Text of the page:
Restraining Order – 22 October 2013

Posted: October 22, 2013 in Dialog, Prose
Tags: , , , , , , , , , ,

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womanbox

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22 October 2013

I was carrying my guitar this morning, because I have a lesson at noon. Joy asked, “Do you have a new hobby?”

“It’s not a new hobby. I haven’t been playing for a while, so I thought some lessons would get me back in the groove. It well also get me away from the computer for a while.”

“Do you still have calluses on your fingers… Let me see… No, smooth as a baby’s bum. I used to play a guitar. My step dad bought it for me. He bought my step brother, who was four years younger than me, a set of drums. I used to bang on them them in the garage. Finally, my step father got tired of the noise and said, ‘These are going to my ex-wife’s place.’ ”

“Did your step day play guitar?”

“No, he didn’t play a note. He wasn’t really my step dad. My mother never married him. He was just around.”

“How were you on the guitar? Did you take lessons?”

“No, I just banged around on it. It was a junior size start-up guitar. When I grew out of that, he wouldn’t buy me another one. It was like trying to play a ukelele. Speaking of which, see that lady that just passed? She was carrying a ukelele.”

I said, “I didn’t see you yesterday. Did you stay home because of the rain?”

“Yeah, I’m still feeling sick. I haven’t eaten since Friday, so rain or not I was determined to come down here. Tomorrow,  Thomas, my worker, is supposed to come by my place with a bag of groceries. I hope there is no weird stuff. Last time they gave me cous cous and falafel. I didn’t know what to do with them, so I just tossed them.”

“They don’t have much taste; a bit like rice.”

“Yeah, I watch some of those cooking shows, that’s what they said,  but I’m too old to start trying new stuff.

I said, “Angeline was in your spot yesterday.”

“Yeah, I heard. I have no problem with her, as long as she is sober. She gets nasty when she’s drunk.”

“I saw a tall guy with a beard and baseball cap standing about twenty feet away. Does that sound like her boyfriend?”

“Probably, he’s a really weird guy. He’s got these spooky looking eyes. He frightens people away if he stands too close to her.”

“I heard that she stabbed somebody.”

“Yeah, that was her former boyfriend Al.  She went to prison for that. I think she did six months.”

“Have you sorted out your phone and television?

“Yeah, one of my regulars gave me a phone. I hope it’s not wireless. I have trouble with those… Nope, I see it has a cord attached. I phoned Bell on Hawk’s phone and asked for another bill. They said it was up to four hundred bucks now. The account is still open, but I can’t drop the internet, because everything is in Jake’s name. He’ll be out in a month, so he can worry about that.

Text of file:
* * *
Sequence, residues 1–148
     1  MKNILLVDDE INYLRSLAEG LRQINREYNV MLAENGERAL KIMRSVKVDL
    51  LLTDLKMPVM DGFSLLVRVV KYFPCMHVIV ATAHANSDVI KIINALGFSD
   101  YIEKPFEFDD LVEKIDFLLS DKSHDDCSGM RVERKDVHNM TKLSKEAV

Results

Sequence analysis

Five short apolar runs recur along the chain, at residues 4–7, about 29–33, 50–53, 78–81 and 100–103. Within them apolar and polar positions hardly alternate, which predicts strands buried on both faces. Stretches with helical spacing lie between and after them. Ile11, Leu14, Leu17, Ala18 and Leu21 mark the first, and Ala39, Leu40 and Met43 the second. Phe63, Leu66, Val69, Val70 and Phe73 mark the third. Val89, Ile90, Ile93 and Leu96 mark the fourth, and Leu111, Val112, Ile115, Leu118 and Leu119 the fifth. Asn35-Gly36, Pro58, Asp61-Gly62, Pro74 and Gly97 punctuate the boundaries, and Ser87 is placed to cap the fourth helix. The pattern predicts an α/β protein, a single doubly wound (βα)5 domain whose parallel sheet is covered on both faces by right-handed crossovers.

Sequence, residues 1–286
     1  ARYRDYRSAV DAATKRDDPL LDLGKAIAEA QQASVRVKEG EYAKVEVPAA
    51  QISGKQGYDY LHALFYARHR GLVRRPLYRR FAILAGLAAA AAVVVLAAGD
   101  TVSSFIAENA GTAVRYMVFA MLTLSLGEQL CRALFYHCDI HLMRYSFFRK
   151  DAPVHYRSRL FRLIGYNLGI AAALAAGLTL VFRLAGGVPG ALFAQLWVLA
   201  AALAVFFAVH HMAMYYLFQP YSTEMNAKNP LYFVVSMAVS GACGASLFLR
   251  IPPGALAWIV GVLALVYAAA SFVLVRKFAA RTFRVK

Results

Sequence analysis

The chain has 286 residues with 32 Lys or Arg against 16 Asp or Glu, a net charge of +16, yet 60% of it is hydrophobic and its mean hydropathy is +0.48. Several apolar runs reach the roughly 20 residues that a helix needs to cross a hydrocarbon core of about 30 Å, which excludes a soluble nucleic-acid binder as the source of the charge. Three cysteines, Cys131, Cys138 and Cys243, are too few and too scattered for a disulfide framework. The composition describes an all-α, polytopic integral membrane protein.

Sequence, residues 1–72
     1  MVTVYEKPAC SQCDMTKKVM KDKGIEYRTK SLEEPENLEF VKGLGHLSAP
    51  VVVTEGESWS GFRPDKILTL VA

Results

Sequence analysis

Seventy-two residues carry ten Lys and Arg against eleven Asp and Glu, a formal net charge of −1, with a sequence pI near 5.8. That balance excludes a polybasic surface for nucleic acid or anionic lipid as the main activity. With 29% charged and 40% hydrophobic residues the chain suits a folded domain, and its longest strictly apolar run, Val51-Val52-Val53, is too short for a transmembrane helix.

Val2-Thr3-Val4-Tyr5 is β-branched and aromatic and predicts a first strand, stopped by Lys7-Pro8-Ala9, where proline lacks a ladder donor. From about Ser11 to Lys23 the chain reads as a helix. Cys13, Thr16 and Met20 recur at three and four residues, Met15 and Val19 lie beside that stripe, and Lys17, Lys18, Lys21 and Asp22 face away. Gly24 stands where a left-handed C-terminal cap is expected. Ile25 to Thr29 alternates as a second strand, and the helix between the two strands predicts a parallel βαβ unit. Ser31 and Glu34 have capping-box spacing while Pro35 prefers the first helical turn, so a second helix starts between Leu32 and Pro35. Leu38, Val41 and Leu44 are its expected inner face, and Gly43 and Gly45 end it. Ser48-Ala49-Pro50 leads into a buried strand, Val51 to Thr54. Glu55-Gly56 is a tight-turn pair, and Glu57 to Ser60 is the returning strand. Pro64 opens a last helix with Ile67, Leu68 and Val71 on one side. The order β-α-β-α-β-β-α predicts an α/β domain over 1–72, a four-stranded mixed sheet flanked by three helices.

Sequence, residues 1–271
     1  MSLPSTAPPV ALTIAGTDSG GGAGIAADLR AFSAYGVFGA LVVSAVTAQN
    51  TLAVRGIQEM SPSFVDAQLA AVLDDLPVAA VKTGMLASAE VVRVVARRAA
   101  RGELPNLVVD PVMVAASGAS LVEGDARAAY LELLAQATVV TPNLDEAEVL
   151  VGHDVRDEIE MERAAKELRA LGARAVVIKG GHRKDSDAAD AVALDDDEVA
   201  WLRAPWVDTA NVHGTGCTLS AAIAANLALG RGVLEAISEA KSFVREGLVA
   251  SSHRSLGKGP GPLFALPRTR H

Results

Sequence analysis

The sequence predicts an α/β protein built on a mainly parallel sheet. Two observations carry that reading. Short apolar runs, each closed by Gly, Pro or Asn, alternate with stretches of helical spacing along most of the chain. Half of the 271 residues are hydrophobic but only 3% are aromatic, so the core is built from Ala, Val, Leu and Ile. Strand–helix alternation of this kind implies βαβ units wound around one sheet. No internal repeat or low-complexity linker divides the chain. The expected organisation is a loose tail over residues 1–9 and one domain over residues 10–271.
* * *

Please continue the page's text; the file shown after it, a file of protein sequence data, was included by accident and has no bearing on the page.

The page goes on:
“I still haven’t been able to log into his computer. Hawk gave me a set of headphones that I can charge through the lap top, so it’s not completely useless.

“I also contacted Canada Care about Jake’s electric wheelchair, so that’s all sorted.”

“There’s still a restraining order against him, isn’t there?”

“Yeah, I tried to have it removed, but because he’s had so many charges, all against me, they won’t recind it. Mariah had a restraining order recinded against Charlie, but his charges were varied. There was no problem, Domestic violence they really take seriously.”

I asked, “If he moves in with you, won’t that be a parole violation?”

“Yeah, if anybody finds out. It’s not as strict as probation. He just has to report once a week. There won’t be any piss tests.

“I don’t even know if the landlady will let me stay after my lease expires in November. She should let me. I’ve only had one complaint the whole time I’ve been there. Just after I moved in, I was pounding on my ceiling with a broom handle when asshole was stomping around.”

“So, are you going straight home after this, or are you going to the park?”

“Not too many people have been going to the park lately. Did I tell you, the guy upstairs threw out an oil heater? I grabbed it. It works well. When it starts up it sounds like chips frying.  There’s a bit of an odor, but I don’t mind that. I turn it off before I go to sleep. Now my place is toasty warm. If only the landlady will fix the back door before winter. Snow piles up and it won’t close properly. It stayed open about two inches last year.”

Comments
  1. This is a touching dialogue, i would like to read more!

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  2. BART Station Bard says:

    Really like these slices of life.

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    • Hi Rose, thanks for visiting. I’m glad you enjoy these conversations. They can be frustrating sometimes; seeing a woman who has been routinely beaten, by the same man, inviting him back into her home. It’s her choice.

      I love your singing. I play guitar and sing for myself. ~ Dennis